Chevron CEO avoids fray on Prop. 23

Andrew S. Ross
Thursday, October 7, 2010

Proposition 23 on the November ballot would freeze implementation of California's carbon emissions reduction law (a.k.a. AB32) until the state's unemployment law falls below 5.5 percent.

Or, more realistically, in the view of some, until hell freezes over.

Here's an exchange on the subject with Chevron Corp. CEO John Watson.

"Prop. 23 - For it? Against it?"

"We stayed out of it. We're neutral on Prop. 23."

"Personally, you think it's a good idea?"

"We stayed out of 23." (audience laughter)

"Come on, take a stand here" (more laughter).

"We'll let the voters decide because it's their call."

"Why stay out of it? Obviously it has an enormous effect on your industry. Shouldn't people look to you for guidance on whether this is the way to do it or not the way to do it?"

Views from the West: Not letting the head of California's largest corporation off the hook was Alan Murray, deputy managing editor of the Wall Street Journal.

The one on one with Watson, at the Sharon Heights Golf & Country Club in Menlo Park on Wednesday, marked the premiere of "Viewpoints West," a Bay Area addition to the Journal's "executive breakfast series" of interviews with top U.S. corporate executives (sfgate.com/ZKKB).

Among other highlights of the 45-minute give and take:

Despite his oil and gas company's increasing investments in cleaner sources - in biofuels, solar energy and especially natural gas - Watson said he foresees "a long path of transition to new fuels - think generations."

He called President Obama's energy policy a "mixed bag" and appeared to endorse the "anti-business" label other corporate executives have hung around Obama's neck. The administration seemed to be "going after industries, one at a time. There's a lot of anxiety out there," he said.

"Particularly invidious" to Watson was legislation, supported by the administration but stalled, probably for good in Congress, that would end certain tax credits, deductions and deferrals for U.S. companies that move jobs overseas.

Back to Prop. 23 versus AB32.

"We understand the concerns about greenhouse gas emissions," he said, successfully avoiding being put on the spot. "Our approach is to work with the state, to try to put in place a system that will achieve the objectives over time, do so fairly ... and don't have unintended consequences.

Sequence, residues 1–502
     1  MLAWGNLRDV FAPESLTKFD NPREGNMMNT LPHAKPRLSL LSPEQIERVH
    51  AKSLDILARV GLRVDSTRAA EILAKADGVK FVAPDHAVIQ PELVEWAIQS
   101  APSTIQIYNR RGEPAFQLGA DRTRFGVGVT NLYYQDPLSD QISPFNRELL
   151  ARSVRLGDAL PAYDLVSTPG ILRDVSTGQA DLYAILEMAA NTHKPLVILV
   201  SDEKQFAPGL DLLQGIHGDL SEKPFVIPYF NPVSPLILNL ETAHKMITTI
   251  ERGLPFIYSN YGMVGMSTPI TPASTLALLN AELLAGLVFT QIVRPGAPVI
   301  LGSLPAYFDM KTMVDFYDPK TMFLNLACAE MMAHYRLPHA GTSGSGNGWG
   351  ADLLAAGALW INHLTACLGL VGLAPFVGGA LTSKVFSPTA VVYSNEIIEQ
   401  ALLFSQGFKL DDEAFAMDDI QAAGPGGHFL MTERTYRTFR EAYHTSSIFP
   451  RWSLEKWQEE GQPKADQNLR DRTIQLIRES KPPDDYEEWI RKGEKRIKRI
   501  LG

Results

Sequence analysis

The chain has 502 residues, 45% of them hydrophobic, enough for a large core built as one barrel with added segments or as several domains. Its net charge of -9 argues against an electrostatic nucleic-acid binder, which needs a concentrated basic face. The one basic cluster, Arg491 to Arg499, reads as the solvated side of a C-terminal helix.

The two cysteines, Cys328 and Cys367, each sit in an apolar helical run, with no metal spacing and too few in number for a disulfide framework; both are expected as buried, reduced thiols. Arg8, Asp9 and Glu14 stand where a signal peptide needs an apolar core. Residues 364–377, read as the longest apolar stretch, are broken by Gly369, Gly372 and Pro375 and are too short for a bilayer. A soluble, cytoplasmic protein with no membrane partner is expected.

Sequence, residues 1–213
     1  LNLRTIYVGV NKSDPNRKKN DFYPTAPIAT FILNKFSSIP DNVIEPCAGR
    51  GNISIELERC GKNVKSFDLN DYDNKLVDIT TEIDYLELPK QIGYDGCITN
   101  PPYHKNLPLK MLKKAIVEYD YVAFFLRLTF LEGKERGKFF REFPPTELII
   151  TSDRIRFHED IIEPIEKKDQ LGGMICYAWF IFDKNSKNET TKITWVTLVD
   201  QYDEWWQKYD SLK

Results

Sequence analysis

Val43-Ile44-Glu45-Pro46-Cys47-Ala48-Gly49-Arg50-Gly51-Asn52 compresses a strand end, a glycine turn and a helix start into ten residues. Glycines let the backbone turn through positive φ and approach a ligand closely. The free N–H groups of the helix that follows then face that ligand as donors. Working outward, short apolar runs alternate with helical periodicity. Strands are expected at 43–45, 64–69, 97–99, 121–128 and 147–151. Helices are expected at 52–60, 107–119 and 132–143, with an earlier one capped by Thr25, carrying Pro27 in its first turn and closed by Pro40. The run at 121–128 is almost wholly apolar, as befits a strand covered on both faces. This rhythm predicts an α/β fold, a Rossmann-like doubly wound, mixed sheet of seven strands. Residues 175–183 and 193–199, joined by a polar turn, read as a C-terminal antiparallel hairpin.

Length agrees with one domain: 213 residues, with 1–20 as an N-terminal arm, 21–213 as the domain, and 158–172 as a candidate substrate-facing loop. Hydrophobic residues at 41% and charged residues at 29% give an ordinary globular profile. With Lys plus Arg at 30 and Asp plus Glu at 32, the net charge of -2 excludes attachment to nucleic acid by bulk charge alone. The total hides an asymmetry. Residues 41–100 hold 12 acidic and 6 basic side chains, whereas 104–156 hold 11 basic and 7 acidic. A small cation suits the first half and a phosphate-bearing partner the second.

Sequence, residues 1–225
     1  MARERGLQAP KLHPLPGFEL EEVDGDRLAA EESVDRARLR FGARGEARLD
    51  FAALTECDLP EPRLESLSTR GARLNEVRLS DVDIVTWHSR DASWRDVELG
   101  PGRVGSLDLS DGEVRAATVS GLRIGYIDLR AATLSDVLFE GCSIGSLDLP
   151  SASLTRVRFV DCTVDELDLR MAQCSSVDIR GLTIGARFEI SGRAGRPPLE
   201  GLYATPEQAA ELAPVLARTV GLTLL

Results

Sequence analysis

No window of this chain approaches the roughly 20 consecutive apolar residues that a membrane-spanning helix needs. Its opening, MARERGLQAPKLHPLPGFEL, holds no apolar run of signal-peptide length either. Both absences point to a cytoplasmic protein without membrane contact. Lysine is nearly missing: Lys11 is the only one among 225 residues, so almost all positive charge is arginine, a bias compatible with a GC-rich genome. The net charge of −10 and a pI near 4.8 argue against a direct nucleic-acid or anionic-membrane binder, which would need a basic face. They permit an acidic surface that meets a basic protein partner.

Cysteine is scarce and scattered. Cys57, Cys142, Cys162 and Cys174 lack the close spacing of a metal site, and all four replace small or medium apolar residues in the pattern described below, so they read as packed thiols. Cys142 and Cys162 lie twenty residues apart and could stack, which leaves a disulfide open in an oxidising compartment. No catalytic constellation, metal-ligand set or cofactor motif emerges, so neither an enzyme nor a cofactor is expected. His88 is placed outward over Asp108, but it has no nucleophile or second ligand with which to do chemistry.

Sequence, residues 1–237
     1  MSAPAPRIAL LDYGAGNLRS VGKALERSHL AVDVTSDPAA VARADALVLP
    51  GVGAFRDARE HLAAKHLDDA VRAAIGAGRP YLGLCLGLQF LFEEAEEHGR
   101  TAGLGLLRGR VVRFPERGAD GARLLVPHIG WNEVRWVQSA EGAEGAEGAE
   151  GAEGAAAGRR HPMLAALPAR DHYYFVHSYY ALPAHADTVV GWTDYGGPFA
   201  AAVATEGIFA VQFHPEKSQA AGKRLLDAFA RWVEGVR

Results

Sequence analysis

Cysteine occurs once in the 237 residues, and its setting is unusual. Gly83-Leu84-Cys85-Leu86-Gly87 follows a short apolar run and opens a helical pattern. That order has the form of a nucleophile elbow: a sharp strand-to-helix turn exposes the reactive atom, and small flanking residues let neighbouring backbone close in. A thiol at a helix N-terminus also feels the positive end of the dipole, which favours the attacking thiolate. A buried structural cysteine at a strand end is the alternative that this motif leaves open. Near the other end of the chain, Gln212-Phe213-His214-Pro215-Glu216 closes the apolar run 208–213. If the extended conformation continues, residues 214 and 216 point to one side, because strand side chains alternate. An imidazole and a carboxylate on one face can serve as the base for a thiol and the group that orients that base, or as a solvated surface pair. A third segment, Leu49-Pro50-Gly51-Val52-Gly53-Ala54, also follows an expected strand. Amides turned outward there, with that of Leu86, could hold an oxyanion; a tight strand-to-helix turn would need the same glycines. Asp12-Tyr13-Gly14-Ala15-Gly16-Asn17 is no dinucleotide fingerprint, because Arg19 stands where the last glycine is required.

"California has lost a third of its manufacturing jobs in the last decade," he said. In addition to the recession and foreign competition, "there are lot of reasons for that: high taxes, high regulations, high costs. And this will be another regulation, one that will need to be put in place thoughtfully, so it doesn't drive manufacturing business out further.

"We'll see when the (AB32) regulations come out."

Of course, that would all be moot should Prop. 23 pass. How then, I gamely asked, seeking to ask the question another way, does he and Chevron view the possible upending of AB32?

"We're neutral on Prop. 23," he answered.

View from the world: Weighing in on Prop. 23, the Euro-centric German Marshall Fund of the United States asks, "Why is this one-state exercise in direct democracy so important to those not living in the state?"

Answer: "On environmental policy, where California goes, so goes the United States and, at times, the world," writes Thomas Legge, program officer with the fund's Climate & Energy Program, in a recent online "transatlantic take" note.

"Laws in Europe have provided regulatory certainty to stimulate a rapidly growing renewable energy sector," notes Legge, whose nonpartisan think tank, named after Gen. George Marshall, author of the Marshall Plan, was financed initially by the post-World War II West German government.

"European companies, among the largest investors in the U.S. renewable energy market, are worried about the potential signal that passage of Proposition 23 could send."

The view from D.C: Expect the topic to come up during Hillary Rodham Clinton's appearance at San Francisco's Commonwealth Club next week.

"Climate change, American leadership, and the future of women" are the announced topics of the U.S. secretary of state's address at San Francisco Marriott Marquis on Oct. 15.

The 1,200 seats are already accounted for, I'm told, but in case there's room for more, check in at www.commonwealthclub.org.

Blogging at sfgate.com/columns/bottomline. Facebook page: sfg.ly/doACKM. Tweeting: @andrewsross. E-mail: bottomline@sfchronicle.com.

This article appeared on page D - 1 of the San Francisco Chronicle Read more: http://www.sfgate.com/cgi-bin/article.cgi?f=/c/a/2010/10/06/BUK51FOJAC.D...


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